Calais 'Jungle': Migrants hit dead end in journey to UK
As war and economic crises engulf nations around the world, migrants flee in search of a better life. But when they arrive at the Port of Calais, northern France, they find camps as hopeless as the countries they came from.
By a road near the Sudanese camp a doctor from Darfur watched the lorries pass, hoping that one would stop long enough for him to clamber underneath.
Then he would try to cling on suspended just above the ground. There were more than 30 men eyeing vehicles nearby, all with a similar determination: to reach Britain however risky the means.
There are still people traffickers here but most of the migrants we spoke to were destitute and could not afford to pay their fees.
All day and night they play a game of cat and mouse with the police, hiding on board lorries or close to the roadside. But often they are discovered and dispersed with pepper spray.
With new security measures it is becoming increasingly difficult to steal into Calais port itself, so the lorry parks and petrol stations are the new jumping off points for migrants.
Each new world conflict throws desperate refugees in the direction of Europe and, specifically, towards Calais.
The Darfur doctor would not give me his name but he was anxious to tell his story.
"I can do nothing in my own country anymore. Nothing. The government does not want me. I want to go somewhere where I can be of help to people.
"That place is England. I am sure I will be welcomed."
Who had told him that, I asked?
"Everybody says it," he replied. Such is the mindset among those fleeing Darfur, Afghanistan, Syria, Iraq, Eritrea and other zones of conflict or poverty. The UK has been mythologised; they are convinced jobs, good housing, education are waiting.
There are now more than 1,000 migrants waiting in Calais and hoping to make the short crossing to the UK. Most live in squalid camps, collectively referred to as the Jungle.
The most striking development since I last visited Calais nearly a year ago is the growing number of young women. Many come from Eritrea on the Horn of Africa, a country suffering under despotic dictatorship where mass conscription and forced labour blight the lives of the young.
According to recent reports from human rights groups, as many as 3,000 people a month may be fleeing Eritrea.
Among them was 17-year-old Aida whose journey took her across her own country's border to Sudan, from there to Turkey and then by boat to Greece. From Greece she made her way to Calais, either on foot or by hitching lifts.
Aida arrived in Calais a week ago and looked exhausted when we met. Her home was a tiny tent shared with another young woman. "My plan is to learn…to go to England," she said.
The journey and life in the Jungle are full of perils for young women. She described her fear of men: "They offer to help but they always want something."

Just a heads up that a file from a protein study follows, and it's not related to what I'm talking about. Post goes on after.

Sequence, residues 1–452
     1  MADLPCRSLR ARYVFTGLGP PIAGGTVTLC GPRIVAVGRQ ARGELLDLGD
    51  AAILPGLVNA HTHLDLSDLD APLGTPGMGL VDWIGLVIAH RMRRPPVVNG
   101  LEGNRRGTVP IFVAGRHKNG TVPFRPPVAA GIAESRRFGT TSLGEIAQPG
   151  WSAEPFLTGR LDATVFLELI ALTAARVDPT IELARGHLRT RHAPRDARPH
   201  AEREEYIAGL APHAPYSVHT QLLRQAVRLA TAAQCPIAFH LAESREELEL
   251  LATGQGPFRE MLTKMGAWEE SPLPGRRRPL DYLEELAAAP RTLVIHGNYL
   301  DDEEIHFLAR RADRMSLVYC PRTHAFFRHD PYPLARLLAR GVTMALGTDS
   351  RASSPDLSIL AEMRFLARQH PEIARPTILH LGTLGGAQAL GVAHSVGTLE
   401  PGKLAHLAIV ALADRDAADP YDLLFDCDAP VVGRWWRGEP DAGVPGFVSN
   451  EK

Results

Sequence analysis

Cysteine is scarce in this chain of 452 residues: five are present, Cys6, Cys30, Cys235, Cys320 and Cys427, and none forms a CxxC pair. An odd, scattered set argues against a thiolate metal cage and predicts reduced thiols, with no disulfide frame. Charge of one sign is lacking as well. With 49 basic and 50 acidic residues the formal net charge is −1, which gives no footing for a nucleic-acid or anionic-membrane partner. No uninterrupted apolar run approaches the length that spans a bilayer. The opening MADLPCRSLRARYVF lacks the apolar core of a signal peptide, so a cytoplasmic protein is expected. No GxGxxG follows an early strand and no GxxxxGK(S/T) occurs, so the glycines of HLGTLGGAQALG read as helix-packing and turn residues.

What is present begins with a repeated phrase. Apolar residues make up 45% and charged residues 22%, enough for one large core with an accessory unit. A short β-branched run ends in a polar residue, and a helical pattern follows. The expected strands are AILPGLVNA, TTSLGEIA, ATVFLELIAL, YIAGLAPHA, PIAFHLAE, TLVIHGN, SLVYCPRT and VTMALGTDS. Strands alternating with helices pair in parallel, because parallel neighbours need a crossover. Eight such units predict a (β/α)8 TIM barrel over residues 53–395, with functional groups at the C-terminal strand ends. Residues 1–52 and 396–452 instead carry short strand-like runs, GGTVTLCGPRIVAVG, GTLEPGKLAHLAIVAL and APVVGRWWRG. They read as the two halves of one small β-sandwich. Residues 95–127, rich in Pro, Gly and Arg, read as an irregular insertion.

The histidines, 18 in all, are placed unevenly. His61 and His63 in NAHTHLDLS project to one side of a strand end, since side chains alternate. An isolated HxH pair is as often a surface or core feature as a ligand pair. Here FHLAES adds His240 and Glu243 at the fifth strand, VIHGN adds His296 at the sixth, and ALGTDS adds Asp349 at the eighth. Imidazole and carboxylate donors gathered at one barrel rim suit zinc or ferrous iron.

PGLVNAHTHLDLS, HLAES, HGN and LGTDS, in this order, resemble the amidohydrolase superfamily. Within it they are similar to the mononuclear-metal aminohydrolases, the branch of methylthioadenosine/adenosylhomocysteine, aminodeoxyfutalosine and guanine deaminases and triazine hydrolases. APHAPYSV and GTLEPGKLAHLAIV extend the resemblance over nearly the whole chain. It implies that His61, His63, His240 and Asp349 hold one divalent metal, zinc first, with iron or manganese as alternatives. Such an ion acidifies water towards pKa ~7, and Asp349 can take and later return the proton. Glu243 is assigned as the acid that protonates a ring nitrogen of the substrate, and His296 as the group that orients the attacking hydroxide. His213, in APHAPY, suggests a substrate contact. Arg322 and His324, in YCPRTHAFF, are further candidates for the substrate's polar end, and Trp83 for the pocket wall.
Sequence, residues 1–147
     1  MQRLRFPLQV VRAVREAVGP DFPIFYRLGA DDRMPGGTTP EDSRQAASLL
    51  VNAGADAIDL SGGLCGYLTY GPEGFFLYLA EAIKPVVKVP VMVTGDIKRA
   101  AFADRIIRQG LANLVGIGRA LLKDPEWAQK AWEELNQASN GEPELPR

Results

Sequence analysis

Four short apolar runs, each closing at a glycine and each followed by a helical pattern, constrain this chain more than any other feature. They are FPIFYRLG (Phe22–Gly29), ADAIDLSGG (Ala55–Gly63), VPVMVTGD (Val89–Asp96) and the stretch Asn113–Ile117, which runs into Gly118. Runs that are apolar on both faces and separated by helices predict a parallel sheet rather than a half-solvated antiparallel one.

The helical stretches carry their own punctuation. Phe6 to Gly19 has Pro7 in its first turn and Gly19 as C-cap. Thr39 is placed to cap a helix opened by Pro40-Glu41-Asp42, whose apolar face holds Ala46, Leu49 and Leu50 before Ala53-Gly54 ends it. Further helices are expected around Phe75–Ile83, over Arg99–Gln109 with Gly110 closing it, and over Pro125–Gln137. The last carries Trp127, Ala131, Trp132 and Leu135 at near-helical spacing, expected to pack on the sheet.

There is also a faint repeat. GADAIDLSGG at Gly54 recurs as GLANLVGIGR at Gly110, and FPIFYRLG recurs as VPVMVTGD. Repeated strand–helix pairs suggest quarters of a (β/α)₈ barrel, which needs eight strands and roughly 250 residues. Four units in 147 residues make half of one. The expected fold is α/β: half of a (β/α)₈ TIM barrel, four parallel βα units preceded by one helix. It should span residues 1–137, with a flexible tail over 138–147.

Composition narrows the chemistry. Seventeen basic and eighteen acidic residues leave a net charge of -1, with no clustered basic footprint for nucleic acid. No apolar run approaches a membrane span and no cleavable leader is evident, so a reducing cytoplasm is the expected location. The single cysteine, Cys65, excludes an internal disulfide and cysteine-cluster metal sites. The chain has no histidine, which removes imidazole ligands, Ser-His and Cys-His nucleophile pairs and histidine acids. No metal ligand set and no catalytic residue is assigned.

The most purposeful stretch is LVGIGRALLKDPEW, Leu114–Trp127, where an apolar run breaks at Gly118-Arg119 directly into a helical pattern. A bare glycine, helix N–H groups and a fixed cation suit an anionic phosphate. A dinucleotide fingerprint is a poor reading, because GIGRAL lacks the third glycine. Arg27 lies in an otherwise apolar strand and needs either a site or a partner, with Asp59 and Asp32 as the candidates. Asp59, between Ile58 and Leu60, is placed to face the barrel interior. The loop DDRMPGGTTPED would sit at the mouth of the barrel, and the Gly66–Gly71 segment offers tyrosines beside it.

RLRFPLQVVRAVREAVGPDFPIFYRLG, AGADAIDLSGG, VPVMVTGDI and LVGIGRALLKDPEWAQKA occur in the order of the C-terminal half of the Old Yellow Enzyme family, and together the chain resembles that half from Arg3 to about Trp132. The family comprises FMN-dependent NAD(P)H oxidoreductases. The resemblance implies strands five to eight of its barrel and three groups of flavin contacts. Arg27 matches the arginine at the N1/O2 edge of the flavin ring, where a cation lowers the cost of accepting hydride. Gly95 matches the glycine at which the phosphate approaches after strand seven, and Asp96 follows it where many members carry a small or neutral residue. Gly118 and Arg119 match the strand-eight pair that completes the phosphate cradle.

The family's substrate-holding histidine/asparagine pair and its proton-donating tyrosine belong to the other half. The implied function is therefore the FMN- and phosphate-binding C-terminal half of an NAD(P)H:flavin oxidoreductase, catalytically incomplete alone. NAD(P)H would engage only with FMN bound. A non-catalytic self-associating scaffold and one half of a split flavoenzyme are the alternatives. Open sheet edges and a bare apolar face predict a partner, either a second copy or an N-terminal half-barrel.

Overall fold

In Aida's case there was small piece of good luck. While we were in Calais she was offered shelter in a women's refuge. Among other "luxuries" it meant she could now take showers. "It is so nice. I am clean!" she told me with a beaming smile.
For most however there is no refuge and no prospect of getting to the UK - at least not any time soon. On both sides of the channel there appears to be a growing determination to end the illegal cross border traffic.
French police are now far more conspicuous in their patrolling and the UK has offered £12 million to help the authorities in Calais prevent migrants breaching security. For many locals in Calais there is growing desperation at the growth of squalid camps around their town.
And while there are local charities attempting to help the migrants with food, clothing and tents there is a groundswell of opinion demanding action to curb the growth of the camps.
"Of course I have sympathy with them as human beings," said local police union spokesman Gilles Debove.
"But the police are now facing aggression... The police also have to protect the economy in this area."
Stopping migrants getting onto lorries at Calais could lead them to flock to other ports along the coast facing the UK.
Already there are reports of traffickers offering to smuggle people from Dunkirk. Others are trying to reach Britain from Belgian ports.
The roots of this crisis lie in the tragedies engulfing nations in the Middle East, Africa and South Asia - wars, tyrannies, economic crises in which there is little chance of change.
The UN Security Council is utterly divided and the prospects for negotiated outcomes or concerted pressure on tyrants have rarely been as remote. There is no world order to keep a peace or protect the rights of the vulnerable.
Against this background the refugees will keep sailing and trekking westward while European governments struggle to answer public concern over migration and the demands of common humanity.